Following a rare public reprimand by the World Health Organisation for refusing to share clinical samples and test results to ascertain the death of a patient on September 8 in Dar es Salaam, Tanzania has come out fighting against allegations of a confirmed case of the disease in the country.
Tanzania was reprimanded by the WHO for not sharing detailed information, withholding clinical samples for a secondary testing on a suspected Ebola case despite its repeated requests.
Speaking to The EastAfrican in an interview, Dr Chaula Zaina, Permanent Secretary in the Ministry of Health was last week still non-committal on declaring the specific illness that was tested in the index cases and which the government declared was not a case of Ebola.
"The tests were to find out whether the patients were infected by Ebola or not, and we confirmed them negative," she said, declining to reveal the results of the specimen tested, adding, "there is no need to reveal to the public another illness we found in the tests."
She added that there were many achievements the Health Ministry has made that justify to be reported and asked the media to stop fishing for non-existent information.
"I will not provide more details on the matter for now," she said.
Speaking to The EastAfrican, Susannah Savage, WHO's communication consultant in Africa regional office, said they have requested for information from the government through the international health regulations and the National Focal Point and existing networks and relationships in country, but none has yielded fruit.
A fortnight ago, a medical doctor said to have travelled from DR Congo died at the Temeke Referral Hospital in Dar es Salaam and unconfirmed reports said the cause of death could be Ebola. A second patient also in Dar es Salaam was alleged to have died of Ebola.
The government denied the reports and ran its own independent tests but refused to share samples used in the test with WHO officials and declared it was not a case of Ebola.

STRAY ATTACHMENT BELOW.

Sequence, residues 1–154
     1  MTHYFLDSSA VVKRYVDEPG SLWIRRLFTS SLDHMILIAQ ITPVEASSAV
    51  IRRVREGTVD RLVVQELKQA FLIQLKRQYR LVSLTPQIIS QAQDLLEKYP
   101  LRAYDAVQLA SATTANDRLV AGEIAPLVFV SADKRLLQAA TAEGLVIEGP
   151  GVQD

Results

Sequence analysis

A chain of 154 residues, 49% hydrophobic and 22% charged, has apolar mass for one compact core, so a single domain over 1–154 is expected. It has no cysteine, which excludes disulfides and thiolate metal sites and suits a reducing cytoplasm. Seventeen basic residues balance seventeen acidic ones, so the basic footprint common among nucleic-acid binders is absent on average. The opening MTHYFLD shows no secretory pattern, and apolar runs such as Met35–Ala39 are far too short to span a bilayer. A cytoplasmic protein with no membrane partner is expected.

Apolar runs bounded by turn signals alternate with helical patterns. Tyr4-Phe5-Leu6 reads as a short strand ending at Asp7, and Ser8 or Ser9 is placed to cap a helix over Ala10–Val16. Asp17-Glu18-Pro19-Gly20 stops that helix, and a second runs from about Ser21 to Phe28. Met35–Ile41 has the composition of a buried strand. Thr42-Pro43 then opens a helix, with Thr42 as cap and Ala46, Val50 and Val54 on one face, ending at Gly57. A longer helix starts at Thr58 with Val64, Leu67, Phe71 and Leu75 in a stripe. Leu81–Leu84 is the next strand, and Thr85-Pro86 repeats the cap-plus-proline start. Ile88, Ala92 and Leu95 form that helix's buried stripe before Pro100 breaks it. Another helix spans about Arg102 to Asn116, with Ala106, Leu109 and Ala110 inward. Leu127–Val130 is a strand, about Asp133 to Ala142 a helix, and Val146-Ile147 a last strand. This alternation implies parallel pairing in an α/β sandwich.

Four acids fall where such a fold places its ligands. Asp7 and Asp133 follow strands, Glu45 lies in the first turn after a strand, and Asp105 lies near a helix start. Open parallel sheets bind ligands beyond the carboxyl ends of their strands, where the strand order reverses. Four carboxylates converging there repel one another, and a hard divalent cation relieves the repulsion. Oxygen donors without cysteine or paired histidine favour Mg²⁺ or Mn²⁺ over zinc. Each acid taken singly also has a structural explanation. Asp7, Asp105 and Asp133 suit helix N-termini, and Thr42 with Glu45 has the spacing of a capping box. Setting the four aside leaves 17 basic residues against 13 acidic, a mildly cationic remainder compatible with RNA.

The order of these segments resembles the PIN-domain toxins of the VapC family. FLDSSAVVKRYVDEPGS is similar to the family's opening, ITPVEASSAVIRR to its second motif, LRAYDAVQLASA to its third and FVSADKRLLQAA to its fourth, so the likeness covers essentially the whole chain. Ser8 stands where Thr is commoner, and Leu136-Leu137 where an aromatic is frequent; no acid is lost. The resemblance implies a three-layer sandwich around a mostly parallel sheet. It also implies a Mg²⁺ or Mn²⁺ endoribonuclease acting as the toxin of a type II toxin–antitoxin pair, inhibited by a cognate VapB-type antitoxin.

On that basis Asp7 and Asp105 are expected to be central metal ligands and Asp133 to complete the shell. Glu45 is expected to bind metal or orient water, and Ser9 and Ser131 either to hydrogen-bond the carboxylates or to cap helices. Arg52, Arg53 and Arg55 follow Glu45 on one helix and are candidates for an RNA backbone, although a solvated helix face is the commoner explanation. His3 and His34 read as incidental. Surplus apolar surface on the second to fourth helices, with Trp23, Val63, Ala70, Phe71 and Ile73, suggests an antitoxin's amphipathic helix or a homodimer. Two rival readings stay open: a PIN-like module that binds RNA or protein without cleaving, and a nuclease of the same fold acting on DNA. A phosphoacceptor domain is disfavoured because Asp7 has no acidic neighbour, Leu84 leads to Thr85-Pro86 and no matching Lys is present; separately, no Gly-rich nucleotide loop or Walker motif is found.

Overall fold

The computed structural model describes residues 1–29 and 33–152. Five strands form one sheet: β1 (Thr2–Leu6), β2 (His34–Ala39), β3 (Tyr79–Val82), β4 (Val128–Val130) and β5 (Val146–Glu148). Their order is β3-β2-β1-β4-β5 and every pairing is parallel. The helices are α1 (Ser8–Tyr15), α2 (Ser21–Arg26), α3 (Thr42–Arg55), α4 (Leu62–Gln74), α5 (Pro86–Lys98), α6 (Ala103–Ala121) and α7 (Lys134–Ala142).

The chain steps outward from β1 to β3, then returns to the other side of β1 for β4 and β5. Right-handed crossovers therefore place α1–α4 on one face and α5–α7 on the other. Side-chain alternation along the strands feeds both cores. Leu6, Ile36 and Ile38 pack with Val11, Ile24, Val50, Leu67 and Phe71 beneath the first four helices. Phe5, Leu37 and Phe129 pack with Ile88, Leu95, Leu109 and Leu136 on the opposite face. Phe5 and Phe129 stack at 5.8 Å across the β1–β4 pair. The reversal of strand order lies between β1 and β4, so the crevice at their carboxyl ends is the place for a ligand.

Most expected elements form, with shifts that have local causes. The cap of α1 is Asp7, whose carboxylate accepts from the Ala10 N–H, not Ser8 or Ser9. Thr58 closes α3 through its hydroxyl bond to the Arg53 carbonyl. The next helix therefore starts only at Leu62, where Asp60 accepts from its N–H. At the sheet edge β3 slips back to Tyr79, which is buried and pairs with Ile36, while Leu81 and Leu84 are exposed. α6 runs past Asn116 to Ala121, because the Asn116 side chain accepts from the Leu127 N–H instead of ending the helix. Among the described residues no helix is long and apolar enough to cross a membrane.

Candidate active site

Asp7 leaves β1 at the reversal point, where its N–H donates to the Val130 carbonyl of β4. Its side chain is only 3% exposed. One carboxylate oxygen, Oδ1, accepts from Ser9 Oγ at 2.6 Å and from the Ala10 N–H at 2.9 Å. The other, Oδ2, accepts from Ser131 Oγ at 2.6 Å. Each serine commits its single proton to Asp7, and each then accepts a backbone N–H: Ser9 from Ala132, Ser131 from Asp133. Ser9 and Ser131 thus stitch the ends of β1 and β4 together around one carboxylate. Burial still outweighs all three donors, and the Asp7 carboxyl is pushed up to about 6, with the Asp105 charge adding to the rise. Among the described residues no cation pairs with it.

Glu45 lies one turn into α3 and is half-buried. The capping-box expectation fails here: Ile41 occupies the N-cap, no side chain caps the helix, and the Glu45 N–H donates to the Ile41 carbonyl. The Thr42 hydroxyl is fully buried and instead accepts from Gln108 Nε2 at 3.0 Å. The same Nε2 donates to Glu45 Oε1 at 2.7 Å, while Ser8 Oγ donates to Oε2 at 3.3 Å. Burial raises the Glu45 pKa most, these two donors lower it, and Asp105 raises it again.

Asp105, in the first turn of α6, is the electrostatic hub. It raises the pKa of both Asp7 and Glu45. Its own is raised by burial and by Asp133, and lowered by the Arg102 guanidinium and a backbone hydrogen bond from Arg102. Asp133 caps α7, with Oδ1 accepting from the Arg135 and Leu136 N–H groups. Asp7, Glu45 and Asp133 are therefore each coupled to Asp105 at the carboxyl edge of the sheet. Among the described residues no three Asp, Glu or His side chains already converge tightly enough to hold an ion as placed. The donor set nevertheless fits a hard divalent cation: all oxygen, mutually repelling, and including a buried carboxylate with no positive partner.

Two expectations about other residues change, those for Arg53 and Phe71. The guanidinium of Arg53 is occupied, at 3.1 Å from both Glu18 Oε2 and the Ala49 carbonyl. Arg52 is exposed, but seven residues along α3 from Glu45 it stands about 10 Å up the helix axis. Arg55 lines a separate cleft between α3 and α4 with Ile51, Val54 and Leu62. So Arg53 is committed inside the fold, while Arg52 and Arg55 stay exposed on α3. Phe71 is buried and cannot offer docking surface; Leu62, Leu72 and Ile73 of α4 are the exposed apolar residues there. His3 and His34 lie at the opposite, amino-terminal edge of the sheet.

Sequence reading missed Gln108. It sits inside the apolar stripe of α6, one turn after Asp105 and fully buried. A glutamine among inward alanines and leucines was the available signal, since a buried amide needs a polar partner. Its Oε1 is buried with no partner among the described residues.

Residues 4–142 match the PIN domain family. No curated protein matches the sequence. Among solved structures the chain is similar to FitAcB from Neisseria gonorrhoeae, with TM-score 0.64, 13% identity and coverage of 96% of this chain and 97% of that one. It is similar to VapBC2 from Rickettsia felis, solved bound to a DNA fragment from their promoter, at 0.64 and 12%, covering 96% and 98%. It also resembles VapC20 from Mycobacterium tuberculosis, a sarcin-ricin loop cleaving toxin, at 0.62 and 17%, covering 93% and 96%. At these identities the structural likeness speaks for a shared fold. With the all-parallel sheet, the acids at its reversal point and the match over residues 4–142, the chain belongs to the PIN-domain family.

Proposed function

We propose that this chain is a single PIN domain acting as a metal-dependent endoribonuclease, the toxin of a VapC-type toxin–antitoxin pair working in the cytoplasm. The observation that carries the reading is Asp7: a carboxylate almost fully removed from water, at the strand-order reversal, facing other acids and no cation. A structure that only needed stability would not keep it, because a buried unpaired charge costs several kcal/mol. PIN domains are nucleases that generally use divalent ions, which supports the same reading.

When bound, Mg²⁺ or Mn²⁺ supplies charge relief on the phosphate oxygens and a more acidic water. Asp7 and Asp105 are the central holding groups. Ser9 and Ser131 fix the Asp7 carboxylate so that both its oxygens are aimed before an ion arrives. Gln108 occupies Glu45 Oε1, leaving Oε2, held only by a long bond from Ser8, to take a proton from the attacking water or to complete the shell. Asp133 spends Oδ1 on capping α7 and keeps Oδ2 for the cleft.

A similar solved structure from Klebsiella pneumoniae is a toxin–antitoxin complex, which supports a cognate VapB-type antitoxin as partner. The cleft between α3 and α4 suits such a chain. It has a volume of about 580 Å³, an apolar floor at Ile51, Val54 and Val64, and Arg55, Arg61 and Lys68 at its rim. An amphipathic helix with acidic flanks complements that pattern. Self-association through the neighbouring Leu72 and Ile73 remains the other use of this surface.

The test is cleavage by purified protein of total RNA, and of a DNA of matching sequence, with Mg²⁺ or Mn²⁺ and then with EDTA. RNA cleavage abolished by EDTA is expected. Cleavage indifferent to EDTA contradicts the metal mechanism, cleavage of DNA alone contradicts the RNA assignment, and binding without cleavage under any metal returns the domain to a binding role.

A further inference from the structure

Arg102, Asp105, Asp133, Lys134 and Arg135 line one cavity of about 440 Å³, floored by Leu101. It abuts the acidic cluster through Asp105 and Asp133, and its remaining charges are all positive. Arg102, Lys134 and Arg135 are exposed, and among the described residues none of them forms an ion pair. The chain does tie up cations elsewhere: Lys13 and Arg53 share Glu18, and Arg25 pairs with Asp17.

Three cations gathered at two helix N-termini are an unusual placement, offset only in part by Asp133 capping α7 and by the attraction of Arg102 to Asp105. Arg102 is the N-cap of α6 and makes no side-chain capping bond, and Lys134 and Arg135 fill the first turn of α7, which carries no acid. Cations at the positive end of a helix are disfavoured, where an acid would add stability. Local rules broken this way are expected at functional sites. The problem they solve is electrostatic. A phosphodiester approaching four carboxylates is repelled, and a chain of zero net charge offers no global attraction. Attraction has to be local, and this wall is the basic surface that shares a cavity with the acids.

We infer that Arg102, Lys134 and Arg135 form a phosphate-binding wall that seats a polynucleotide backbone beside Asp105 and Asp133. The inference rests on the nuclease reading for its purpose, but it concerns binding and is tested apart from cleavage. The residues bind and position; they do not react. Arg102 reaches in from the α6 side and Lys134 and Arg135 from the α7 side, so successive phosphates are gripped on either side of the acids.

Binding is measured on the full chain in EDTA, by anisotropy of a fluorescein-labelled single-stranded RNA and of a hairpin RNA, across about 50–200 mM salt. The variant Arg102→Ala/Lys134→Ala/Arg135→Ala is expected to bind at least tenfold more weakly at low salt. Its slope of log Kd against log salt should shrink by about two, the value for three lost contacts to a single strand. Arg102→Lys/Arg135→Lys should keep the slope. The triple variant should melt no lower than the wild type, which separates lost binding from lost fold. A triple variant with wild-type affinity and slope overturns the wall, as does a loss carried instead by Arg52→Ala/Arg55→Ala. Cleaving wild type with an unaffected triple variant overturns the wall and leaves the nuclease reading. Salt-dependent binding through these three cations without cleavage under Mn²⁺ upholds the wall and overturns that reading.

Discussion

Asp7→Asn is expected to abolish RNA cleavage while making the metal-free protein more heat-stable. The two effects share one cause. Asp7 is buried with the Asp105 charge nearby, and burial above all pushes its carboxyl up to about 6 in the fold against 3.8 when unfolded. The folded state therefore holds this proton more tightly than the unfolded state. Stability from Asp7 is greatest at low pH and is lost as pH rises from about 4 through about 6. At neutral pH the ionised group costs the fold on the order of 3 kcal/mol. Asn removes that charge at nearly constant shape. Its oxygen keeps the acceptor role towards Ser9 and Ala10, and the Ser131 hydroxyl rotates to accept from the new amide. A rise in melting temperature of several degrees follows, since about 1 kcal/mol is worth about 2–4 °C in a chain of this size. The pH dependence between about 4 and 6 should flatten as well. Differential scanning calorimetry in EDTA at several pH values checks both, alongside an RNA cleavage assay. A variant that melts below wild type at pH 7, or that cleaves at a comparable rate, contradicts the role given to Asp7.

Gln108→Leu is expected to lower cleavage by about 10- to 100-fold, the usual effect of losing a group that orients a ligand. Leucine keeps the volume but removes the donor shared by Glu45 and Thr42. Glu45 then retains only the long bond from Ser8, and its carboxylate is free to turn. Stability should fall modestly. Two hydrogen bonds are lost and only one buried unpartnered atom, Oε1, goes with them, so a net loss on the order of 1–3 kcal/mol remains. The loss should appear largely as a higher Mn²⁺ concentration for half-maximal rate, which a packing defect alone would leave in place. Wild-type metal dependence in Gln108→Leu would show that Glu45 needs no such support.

WHO recommends countries that have not had an Ebola outbreak to allow suspect samples be tested by a reference laboratory for the first 50 negative samples.
"Tanzania for example, could consider having samples tested at Uganda Virus Research Institute in Uganda. This is a recommendation, not a requirement," Ms Savage said.
WHO made the announcement of Tanzania's refusal after the head of the US Centre for Disease Control and Prevention (CDC) Robert Redfield made a stopover in the country at the end of an evaluation tour of Ebola-response measures in the DR Congo, as well as Uganda which has also reported Ebola spillover cases from the DR Congo.
Dr Redfield is said to have been sent over to Tanzania by US Secretary of Health Alex Azar, who was quoted as expressing doubts over Tanzania's flat-out Ebola denial after his visit to DRC, Rwanda and Uganda.
"The government of Tanzania has not made available the samples or the ability to test the index case of the individual who died, nor has it made available any other information," Mr Azar said.
Shortly, the government of Tanzania summoned Dr Tigest Ketsela Mengestu, the WHO country representative in Dar es Salaam to discuss its statement.
It is curious that following the allegations of confirmed case of Ebola in the country, Tanzania sent a formal emergency appeal to various international donor agencies for $9.5 million financial support for the country's preparedness and operational readiness against an Ebola threat.
According to Dr Zaina who signed the letter, the money would be spent to strengthen epidemic preparedness and operational readiness and subnational levels, create capacity on infection prevention and control unit at selected Ebola treatment units, perform minor renovations where necessary to improve care and preparing an adequate contact tracers.
Department for International Development (DfID) is so far the only donor that has committed funds to the strengthened preparedness in Surrounding countries pillar of the strategic response plan. The rest of the funding is coming from WHO.
WHO member states, Tanzania included, are obligated under International Health Regulations to report suspected cases of Ebola to the organisation.
The agency's guidelines for diagnosing the illness also recommend secondary testing of samples at an outside, specialised laboratory--a step the Tanzania government has refused.